A message from the Chair Man
On our recent trip to the Indonesian Archipelago we caught up with one of the region’s master rattan craftsmen. Satyo has been creating wicker furniture, fishing baskets, beds, boxes, chests and more for decades, a skill he has learned from traditional methods handed down over generations.
Rattan is the plant or tropical vine that is used in the art of wicker making and is extraordinarily versatile and better still, sustainable.
Over the centuries, as well as being used to make furniture, it has been used in the construction of local property, clothing, weaponry, art and crafts, a food source, medicine and something I’d rather not remember from my childhood of growing up in England, as corporal punishment or ‘the cane’ at school.
Rattan as a material is lightweight, durable, suitable for outdoor use and to an extent, flexible.
Harvesting Rattan gives local loggers an alternative to logging the slow growing hardwood trees in the forest and because it grows back to maturity within a relatively short 5-7 years it is a more sustainable way to manage the fragile forests and wildlife of the region.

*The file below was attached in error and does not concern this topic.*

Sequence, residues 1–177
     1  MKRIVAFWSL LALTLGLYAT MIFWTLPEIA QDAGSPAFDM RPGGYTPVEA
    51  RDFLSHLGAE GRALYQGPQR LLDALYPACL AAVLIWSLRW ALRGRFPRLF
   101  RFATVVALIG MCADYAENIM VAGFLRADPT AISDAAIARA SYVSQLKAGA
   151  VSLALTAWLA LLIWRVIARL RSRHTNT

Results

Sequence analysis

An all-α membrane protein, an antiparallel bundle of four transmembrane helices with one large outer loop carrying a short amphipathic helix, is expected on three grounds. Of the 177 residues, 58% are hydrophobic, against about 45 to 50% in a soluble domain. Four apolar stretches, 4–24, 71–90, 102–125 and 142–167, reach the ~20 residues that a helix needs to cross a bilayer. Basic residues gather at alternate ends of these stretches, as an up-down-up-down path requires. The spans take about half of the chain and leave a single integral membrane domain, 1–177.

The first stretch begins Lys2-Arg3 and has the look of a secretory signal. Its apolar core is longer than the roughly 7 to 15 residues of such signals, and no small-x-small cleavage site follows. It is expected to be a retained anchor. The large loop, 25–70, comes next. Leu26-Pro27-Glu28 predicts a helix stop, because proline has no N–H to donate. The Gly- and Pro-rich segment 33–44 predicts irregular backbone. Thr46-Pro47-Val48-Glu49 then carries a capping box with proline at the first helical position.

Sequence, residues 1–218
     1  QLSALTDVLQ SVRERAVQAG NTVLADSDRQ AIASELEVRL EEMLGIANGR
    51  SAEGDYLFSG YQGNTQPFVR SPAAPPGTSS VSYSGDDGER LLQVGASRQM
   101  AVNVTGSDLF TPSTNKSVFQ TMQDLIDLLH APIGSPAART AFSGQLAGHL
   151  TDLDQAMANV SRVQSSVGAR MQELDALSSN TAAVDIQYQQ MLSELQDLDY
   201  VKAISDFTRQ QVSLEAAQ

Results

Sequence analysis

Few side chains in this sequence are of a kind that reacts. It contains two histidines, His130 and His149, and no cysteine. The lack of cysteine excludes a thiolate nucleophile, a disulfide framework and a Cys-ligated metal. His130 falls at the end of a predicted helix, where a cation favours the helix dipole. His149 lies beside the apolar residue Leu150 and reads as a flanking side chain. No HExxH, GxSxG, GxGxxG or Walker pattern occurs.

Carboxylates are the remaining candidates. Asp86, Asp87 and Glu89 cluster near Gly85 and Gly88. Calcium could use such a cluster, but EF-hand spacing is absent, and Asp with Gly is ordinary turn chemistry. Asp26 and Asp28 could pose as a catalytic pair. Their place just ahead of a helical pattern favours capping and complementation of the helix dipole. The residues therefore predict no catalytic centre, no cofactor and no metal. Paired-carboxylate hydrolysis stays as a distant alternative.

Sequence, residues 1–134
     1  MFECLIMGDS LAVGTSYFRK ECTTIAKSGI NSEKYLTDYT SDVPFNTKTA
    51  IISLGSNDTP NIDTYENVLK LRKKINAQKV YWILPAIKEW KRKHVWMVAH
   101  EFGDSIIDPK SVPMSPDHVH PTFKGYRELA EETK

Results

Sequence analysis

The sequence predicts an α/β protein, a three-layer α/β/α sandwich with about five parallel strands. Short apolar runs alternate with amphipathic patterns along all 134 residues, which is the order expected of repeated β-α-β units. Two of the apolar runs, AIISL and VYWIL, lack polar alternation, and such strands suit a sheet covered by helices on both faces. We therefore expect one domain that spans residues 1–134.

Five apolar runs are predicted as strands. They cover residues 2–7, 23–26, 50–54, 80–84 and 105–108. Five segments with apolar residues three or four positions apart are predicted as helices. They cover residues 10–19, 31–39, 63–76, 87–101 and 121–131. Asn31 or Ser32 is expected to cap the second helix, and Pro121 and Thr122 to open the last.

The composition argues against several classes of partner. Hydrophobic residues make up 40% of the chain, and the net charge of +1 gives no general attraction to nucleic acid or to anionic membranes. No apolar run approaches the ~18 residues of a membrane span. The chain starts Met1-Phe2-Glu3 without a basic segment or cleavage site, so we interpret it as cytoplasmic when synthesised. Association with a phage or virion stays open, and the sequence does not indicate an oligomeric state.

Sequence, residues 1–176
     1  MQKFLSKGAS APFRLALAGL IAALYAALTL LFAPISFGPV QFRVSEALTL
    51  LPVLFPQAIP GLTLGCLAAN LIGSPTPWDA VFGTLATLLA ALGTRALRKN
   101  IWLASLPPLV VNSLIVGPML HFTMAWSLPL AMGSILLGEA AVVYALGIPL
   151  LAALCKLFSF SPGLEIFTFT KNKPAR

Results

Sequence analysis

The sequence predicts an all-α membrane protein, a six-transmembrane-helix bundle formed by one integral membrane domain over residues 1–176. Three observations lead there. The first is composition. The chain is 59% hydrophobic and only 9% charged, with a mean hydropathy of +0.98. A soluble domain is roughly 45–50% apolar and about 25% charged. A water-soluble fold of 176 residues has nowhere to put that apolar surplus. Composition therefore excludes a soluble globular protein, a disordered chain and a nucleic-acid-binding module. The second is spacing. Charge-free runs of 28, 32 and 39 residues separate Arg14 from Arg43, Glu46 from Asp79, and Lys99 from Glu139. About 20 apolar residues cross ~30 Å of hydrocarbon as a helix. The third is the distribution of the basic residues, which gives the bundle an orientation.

Rattan is much easier to harvest, transport and requires simpler tools to manage. This makes it a huge potential in forest maintenance, since it provides a profitable crop that depends on rather than replaces trees.
Its sustainability and ultimately biodegradable composition make it the perfect replacement for so much of today’s plastic items.
Of course, as always, our Indonesian container will be full of a plethora of other beautiful handcrafted items and home decor pieces from Sumatran shell necklaces, Sumba stone statues, Dutch inspired vintage teak benches, petrified stools, carved furniture, bronze pots and more.
Orient House welcome you to try one of Satyo’s unique hand crafted rattan chairs for yourself this week at our showroom at Orient House, 45 Bridge Road, Glebe, NSW and sit comfortably knowing that you have not only taken a strain of the worlds natural resources but have also taken the strain off the financial burden for Satyo, his family and village.